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US cleantech company Virdia secures $100m in public, private capital

6 Mar 2012

US biomass specialist Virdia, formerly HCL Cleantech, has secured finance worth $75m through the Mississippi Development Authority to build manufacturing plants in the state.

In addition, the company secured additional funds worth $20m through a financing round led by Khosla Ventures, Burrill & Company and Tamar Ventures, as well as $10m in venture debt with Triple Point Capital.

The funding from the MDA comes in the form of low-interest loans, as well as $155m in various tax incentives over a ten-year period.

“Virdia’s technology and manufacturing platform holds the potential to enable the entire value chain of advanced biochemicals and biofuels. It will create a new wealth of thousands of local, sustainable manufacturing jobs anchored on this country’s unparalleled biomass resources,” said Vinod Khosla, founding partner of Khosla Ventures.

The company has also hired Philippe Lavielle as CEO, replacing co-founder Eran Baniel, who now serves as vice president of business development. Before joining Virdia, Lavielle was a member of the executive management at Genencor, a $1bn industrial enzymes company recently acquired by DuPont.

“This is an exciting and pivotal time for Virdia, and I am pleased to bring my experience to bear in leading the company through its next stage of commercialization,” said Lavielle. “The momentum we are experiencing in funding and our plans to scale up manufacturing move us that much closer to realizing our mission on a large scale. Virdia is well positioned to be the frontrunner in the race to make cellulosic sugars a reality – an indispensable step for the success of the bioeconomy.”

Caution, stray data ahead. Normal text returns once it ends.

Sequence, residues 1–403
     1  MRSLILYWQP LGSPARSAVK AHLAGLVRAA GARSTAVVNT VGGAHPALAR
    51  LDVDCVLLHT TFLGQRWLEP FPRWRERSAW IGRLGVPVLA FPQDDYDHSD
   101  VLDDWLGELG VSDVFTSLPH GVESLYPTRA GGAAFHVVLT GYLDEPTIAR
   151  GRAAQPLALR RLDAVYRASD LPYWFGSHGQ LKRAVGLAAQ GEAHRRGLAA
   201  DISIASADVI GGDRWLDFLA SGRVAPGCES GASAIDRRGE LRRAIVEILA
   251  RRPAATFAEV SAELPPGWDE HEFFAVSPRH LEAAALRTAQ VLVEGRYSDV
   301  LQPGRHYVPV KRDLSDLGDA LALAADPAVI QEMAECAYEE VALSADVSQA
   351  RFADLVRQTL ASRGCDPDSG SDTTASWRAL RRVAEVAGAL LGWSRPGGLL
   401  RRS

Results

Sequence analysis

Virdia said it will build plants that convert cellulosic biomass to fermentable sugars and lignin, important feedstock for the renewable chemicals industry and biofuels sector.

“With global biofuel mandates alone calling for at least 72 billion gallons by 2021, unlocking the potential of lignocellulosic biomass will be vital to scaling the bio-based economy over the next decade,” said Mackinnon Lawrence, a senior analyst with Pike Research. “In the near-term, commercial production of next generation bio-based products across multiple industries – including energy, nutrition, biochemical, and plastics – is contingent upon a leader emerging in the space. With sustainability increasingly a concern, those companies with robust solutions that can produce low-cost alternative carbohydrates derived from non-food biomass are poised to capture significant market share.”

In October last year Khosla Ventures, established by former Sun Microsystems founderVinod Khosla, raised over $1bn for its latest  fund.

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